The books chapters alternate between the beginning of their life on the farm and the present, when the the girl Agaat, now a matu
Clif Hostetler
Oct 22, 2011 rated it it was amazing
Recommends it for: seasoned and patient readers
Shelves: novel
Reading this book is a spiritual experience, but not necessarily in a religious way. It's a reflection on a complicated and difficult life told from the point of view and memory of Milla who is experiencing slow death from a creeping paralysis (it's probably ALS).

With frequent use of stream of consciousness ramblings, short sentences, detailed lists and excruciatingly detailed descriptions of medical, farming and family activities, the reader is bombarded with a feeling of transcendence akin to
Marie Theron
Aug 02, 2011 rated it it was amazing  ·  review of another edition
The book is beyond excellent, one has to read it to appreciate it. I read the English version translated by Michiel Heyns. To read this tome ,I first made an operation down the centre of the spine with a sharp blade. The two sides now sit nicely together on a shelf.

The story is related by Milla in three styles: normal narration from her deathbed where she tells about the present as well as the past, secondly through her early diaries and in the third place through her som
Jenny Benn
Mar 02, 2013 rated it it was amazing
Nothing short of a masterpiece. An Afrikaans woman on her death bed, mute and paralysed with a motor neuron disease (ALS), reflects on her relationship with her coloured servant Agaat, who is now nursing her. It is exquisitely written - the author has captured the nuances, depths and complexities of apartheid South Africa and the incredible physical beauty of the Western Cape with powerful and haunting prose.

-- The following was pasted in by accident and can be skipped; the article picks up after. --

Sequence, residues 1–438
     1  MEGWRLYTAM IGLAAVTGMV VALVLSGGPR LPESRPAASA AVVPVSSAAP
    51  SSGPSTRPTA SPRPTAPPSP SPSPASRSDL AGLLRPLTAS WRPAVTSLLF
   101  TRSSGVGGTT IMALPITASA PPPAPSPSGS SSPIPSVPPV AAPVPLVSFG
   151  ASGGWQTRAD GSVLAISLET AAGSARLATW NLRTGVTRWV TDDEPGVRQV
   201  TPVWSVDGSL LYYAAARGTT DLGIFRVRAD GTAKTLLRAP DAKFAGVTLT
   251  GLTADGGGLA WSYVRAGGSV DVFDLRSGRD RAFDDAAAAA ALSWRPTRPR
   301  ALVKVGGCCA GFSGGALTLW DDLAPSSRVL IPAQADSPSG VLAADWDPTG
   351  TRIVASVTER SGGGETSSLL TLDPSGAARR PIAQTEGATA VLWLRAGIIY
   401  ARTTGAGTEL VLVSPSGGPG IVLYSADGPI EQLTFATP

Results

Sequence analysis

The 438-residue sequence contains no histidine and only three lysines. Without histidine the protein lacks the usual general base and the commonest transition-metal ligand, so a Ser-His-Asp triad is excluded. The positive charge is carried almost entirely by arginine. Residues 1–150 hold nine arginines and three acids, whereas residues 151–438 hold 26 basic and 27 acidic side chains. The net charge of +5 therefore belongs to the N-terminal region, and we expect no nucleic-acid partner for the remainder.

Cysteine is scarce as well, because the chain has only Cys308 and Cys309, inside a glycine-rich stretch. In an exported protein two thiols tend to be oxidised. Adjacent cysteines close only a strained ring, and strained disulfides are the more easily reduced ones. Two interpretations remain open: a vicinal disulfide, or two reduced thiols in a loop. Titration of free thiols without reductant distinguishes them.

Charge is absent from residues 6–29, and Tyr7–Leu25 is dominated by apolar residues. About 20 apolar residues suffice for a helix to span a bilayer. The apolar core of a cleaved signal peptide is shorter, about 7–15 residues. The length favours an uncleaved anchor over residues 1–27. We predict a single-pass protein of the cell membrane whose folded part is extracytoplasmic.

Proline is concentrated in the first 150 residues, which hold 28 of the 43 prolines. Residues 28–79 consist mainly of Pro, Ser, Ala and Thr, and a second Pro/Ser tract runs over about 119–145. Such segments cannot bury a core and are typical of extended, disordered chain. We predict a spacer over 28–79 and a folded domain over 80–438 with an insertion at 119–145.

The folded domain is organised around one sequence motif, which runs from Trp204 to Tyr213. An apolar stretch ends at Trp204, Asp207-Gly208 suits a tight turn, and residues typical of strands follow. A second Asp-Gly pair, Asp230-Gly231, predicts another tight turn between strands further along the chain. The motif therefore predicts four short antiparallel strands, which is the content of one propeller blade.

It's a long and painful read, and I read it in between other books as it's too intense
Beth Asmaa
Aug 02, 2011 rated it it was amazing  ·  review of another edition
The heroines Milla and Agaat, strong female characters, rise above societal expectations and practices in South Africa while affirming the good of its heritage and while celebrating and preserving its extraordinary varieties of nature. Four voices, many forms of writing from narrative to stream-of-consciousness prose poems, to realist details make this a literary work. Reading the story is like listening to its breathing or heartbeats, long passages suddenly rapidly paced followed by a brief lul ...more
This is one of those books that I wanted so much to like. I had many moments where I recognized how good of a book it was, but I just never really enjoyed reading it and I think the fault is mine.

Agaat takes place in South Africa and tells the story of a white woman, Milla, who has advanced ALS and is mostly paralyzed, and her black maid, Agaat. The complicated relationship between the two women is slowly revealed throughout the novel.

The narrative style can be quite difficult to di
Nov 28, 2011 added it
Shelves: good-beginnings
Oh, my,what a BIG book this one is - quite a challenge in itself to get through this plus a couple of others within the next month. This is the sort of book which, if you don't like it, would make a great door stopper.